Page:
| Crime |

Wife of Super-Dad Admits to Killing Husband Because "She Was Angry With Him"; Threatened to Kill Kids, Too

We've got some new details about the Phoenix woman who was arrested yesterday for the 2005 murder of her husband -- a veteran of both the Army and Navy and father of what police estimate to be about 30 children -- and she claims she murdered the man because "she was angry with him," court records show.

She even told her doctor she planned to kill her kids, too.

Daniel Garcia, 79, went missing on May 6, 2005 and was never heard from again.

Court documents obtained by New Times show that his wife, 43-year-old Larisa Garcia -- who was the person who initially reported Garcia missing -- confessed to the murder of her husband of 10 years on several occasions before she was finally taken into custody yesterday.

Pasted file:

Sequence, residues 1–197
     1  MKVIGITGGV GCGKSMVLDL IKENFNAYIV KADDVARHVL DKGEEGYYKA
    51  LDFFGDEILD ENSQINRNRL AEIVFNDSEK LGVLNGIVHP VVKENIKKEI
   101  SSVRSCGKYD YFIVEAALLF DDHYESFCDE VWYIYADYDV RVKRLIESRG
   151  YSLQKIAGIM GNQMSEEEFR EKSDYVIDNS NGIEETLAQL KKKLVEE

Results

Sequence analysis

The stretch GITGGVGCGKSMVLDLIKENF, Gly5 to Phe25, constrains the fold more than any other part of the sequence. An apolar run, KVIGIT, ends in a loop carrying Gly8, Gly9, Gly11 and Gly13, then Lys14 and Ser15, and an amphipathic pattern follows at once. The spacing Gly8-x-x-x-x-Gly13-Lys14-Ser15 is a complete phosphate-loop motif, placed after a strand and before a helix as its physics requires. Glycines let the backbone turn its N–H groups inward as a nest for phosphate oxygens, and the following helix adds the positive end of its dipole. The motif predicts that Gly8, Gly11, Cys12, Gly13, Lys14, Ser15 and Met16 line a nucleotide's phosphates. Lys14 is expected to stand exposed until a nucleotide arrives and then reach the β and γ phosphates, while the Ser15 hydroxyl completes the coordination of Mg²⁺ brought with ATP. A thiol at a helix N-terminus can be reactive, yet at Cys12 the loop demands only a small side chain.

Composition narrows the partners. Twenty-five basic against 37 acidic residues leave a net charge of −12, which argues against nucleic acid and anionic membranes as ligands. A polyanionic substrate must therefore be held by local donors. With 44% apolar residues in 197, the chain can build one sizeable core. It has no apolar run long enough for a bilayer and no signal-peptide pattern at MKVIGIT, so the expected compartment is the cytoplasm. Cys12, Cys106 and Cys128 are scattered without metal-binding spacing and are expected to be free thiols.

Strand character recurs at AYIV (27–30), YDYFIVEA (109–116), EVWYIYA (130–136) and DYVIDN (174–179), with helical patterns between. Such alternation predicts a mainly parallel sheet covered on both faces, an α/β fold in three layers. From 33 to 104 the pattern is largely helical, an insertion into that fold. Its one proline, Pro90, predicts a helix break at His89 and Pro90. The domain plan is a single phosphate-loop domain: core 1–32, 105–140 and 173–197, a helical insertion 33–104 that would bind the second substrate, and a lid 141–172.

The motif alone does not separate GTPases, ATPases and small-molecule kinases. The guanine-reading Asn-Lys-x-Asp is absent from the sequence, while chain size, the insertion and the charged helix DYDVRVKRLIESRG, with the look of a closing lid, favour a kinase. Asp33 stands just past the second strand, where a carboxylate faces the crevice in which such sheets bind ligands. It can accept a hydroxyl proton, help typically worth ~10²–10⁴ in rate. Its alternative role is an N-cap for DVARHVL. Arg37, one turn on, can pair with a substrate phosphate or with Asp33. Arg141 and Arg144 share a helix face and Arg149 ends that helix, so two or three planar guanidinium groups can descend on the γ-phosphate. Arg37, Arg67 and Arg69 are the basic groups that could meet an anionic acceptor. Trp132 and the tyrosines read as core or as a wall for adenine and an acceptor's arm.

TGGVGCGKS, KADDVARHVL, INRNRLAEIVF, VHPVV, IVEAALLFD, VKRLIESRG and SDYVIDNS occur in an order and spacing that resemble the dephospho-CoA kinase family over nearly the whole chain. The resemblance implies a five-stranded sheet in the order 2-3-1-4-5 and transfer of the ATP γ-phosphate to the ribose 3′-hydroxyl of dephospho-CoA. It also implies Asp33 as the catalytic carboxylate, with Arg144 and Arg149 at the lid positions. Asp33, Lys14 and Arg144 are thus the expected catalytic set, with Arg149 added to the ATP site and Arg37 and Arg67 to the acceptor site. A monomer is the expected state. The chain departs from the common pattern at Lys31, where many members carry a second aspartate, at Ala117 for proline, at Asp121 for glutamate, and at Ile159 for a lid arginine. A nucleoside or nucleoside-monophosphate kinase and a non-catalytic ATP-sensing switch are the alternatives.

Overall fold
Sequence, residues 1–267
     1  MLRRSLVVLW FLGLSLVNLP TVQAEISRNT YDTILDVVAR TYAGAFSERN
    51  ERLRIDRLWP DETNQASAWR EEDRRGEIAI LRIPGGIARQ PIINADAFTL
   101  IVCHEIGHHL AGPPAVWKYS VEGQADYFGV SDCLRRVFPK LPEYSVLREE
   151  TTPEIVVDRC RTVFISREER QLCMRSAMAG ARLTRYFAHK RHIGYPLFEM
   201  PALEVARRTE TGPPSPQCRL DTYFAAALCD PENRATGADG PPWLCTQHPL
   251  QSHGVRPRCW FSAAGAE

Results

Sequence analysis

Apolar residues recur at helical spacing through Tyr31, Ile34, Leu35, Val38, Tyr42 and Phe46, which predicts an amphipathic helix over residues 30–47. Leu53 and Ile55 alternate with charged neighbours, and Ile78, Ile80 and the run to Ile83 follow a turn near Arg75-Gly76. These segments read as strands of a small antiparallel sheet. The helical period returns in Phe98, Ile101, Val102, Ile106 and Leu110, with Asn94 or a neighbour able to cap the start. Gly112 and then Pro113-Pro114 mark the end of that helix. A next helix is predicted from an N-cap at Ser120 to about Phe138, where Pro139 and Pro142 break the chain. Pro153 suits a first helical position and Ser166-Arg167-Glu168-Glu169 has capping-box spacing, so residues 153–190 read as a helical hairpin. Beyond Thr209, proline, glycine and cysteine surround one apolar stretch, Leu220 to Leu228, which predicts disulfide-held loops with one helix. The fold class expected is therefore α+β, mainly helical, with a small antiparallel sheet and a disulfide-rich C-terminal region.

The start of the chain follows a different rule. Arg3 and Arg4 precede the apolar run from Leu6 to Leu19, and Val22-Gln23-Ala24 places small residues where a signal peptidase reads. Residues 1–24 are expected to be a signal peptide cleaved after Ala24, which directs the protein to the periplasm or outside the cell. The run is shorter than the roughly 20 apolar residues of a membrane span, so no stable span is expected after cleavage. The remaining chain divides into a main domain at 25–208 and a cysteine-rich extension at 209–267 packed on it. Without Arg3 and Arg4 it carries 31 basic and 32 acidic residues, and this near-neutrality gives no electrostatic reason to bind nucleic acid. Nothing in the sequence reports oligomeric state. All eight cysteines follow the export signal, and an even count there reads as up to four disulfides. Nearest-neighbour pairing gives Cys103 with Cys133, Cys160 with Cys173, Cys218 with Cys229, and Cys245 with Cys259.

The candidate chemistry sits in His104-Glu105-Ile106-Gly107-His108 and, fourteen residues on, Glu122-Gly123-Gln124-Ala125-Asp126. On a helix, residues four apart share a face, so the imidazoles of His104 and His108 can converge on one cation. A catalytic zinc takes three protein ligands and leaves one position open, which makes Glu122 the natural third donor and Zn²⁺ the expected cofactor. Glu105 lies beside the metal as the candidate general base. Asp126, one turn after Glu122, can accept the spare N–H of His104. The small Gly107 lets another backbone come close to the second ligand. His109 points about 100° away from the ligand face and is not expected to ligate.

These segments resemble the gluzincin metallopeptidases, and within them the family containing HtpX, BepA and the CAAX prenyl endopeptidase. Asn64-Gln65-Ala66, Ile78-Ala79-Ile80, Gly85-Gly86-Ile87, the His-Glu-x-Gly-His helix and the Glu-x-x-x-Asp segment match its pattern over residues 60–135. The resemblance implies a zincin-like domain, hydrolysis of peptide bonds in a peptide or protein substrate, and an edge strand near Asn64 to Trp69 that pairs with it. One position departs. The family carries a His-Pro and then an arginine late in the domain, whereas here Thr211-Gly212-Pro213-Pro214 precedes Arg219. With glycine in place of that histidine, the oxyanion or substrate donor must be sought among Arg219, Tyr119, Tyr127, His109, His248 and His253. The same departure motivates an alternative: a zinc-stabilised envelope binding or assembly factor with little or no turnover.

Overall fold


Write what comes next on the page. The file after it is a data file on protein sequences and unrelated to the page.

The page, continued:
In December of 2009 Larisa Garcia confessed to her sister that she smothered Garcia with a pillow, put his body in the trunk of her car, drove it to the Navajo Indian Reservation, and set it on fire at a remote, family camp site.

This past May, detectives interviewed Garcia about the disappearance and she told them the same story, saying she "did it because she was angry with him," court docs show.

Garcia wasn't arrested after the admission, though -- Phoenix police Sergeant Trent Crump tells New Times that she was on tribal land at the time of the confession and police were out of their jurisdiction.

Garcia apparently wasn't done squealin' on herself. On June 15, she confessed to her doctor that she'd murdered her husband.

She also claimed she was suicidal and threatened to "kill her kids like she killed her husband."

Garcia eventually left the reservation and was arrested in Phoenix.

Garcia led detectives to the spot where she'd disposed of her husband, leading to the discovery of likely bone fragments.

Garcia was booked on one count of second-degree murder. The arresting officer told the judge that Garcia shouldn't be let out on bail because of the threats to her children and her ability to flee to the sovereign Navajo Nation. 

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